It took many centuries for the basal ganglia (BG) to be recognized as specific brain entities involved in the control of psychomotor behavior. Andreas Vesalius (1514-1564) was the first to delineate this set of structures, but he did not name them nor payany attention to their functional significance. This was left to the English physician Thomas Willis (1621-1675), who used the term corpusstriatum (striated or chamfered body) to designate the largest BG constituent, which he considered a major sensorimotor integration center. Willis’s pioneering description influenced markedly some 18th and 19th centuries scholars, particularly the German physician and anatomist Karl Friedrich Burdach (1776-1847). Burdach’s insightful studies of the human brain are summarized in a three-volume treatise entitled VomBaueundLebendesGehirns (1819-1826). This landmark opus provides a description of the BGwhose originality has largely been overlooked. Burdach’s careful investigation allowed him to differentiate the caudate nucleus from the putamen, which he respectively termed Streifenhügel (elongated hillock) and Schale (shell). He also called the putamen Linsenkern (lens-shaped nucleus), a term that he admittedly borrowed from his compatriot Johann Christian Reil (1759-1813). He further identified a paler structure (blasserKlumpen) within the inner portion of the lentiform nucleus that he called globuspallidus, and correctly identified its inner and outer segments (innernund?ussernTheil). He aptly pointed out that the major BG nuclei are separated from one another by fibers fascicles that he termed innerand ?ussreCapsel (internal and external capsules). Burdach also referred to the substantia nigra (schwarzgraueSchicht or stratumnigrum) and claustrum (Vormauer), but gave full credit to the French anatomist Félix Vicq-d’Azyr (1748-1794) for their discovery. Although Burdach did not comment much on BG function, his anatomical description was sufficiently cogent to be still in use two centuries after its inception.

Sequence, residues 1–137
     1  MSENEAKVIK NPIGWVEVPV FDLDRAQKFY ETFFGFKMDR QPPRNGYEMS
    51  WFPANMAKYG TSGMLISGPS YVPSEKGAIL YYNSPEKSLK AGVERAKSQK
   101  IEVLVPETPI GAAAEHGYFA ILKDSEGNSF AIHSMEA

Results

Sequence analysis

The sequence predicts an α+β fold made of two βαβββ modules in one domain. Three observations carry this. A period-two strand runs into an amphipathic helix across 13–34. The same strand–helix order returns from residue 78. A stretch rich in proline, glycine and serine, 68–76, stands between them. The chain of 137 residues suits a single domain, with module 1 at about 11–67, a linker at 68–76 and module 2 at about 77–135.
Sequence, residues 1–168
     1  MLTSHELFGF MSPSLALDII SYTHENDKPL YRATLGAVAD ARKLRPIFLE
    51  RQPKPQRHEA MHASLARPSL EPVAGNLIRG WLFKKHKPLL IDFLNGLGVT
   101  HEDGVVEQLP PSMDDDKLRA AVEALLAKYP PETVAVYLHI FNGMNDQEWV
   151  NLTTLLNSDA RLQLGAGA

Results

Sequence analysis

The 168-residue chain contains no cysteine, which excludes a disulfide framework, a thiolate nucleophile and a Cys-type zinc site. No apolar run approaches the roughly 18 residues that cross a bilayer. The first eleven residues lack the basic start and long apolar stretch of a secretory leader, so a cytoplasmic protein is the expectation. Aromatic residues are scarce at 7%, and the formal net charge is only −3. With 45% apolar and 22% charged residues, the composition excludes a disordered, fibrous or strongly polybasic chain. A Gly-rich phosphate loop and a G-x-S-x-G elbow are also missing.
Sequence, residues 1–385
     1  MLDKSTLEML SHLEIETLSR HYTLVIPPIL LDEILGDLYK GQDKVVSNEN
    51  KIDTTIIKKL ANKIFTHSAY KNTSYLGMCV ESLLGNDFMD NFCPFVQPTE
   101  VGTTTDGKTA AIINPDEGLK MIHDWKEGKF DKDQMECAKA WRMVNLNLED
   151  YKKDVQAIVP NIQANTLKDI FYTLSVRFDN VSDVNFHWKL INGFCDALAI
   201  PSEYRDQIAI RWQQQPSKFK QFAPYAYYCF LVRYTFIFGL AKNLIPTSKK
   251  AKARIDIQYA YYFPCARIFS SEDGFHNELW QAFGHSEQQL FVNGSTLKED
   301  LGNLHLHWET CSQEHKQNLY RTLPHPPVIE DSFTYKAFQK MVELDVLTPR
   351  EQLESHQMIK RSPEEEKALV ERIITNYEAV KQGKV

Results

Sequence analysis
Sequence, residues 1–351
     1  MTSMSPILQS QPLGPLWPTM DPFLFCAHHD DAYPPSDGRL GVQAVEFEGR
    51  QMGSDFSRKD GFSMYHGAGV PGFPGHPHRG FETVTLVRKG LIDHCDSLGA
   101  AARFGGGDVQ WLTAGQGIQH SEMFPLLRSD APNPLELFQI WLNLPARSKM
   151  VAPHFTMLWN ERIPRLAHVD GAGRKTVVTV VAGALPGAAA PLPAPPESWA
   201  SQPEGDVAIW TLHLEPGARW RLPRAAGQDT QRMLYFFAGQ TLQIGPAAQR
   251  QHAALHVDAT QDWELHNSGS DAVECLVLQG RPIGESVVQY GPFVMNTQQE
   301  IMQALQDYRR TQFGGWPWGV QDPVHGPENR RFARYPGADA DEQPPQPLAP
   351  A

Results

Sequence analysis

A. Parent and L.-N. Hazrati, “Functional Anatomy of the Basal Ganglia. I. The Cortico-Basal Ganglia-Thalamo-Cortical Loop. II,” Brain Research Review, Vol. 20, No. 1, 1995, pp. 91-154. doi:10.1016/0165-0173(94)00007-C
J. C. Reil, “Das Verl?ngerte Rückenmark, die Hinteren, Seitlichen und Vorderen Schenkel des Kleinen Gehirns und die Theils Strangf?rmig, Theils als Ganglienkette in der Axe des Rückenmarks und des Gehirns fortlaufende graue Substanzv, Archiv für die Physiologie (Halle), Vol. 9, 1809, pp. 485-524.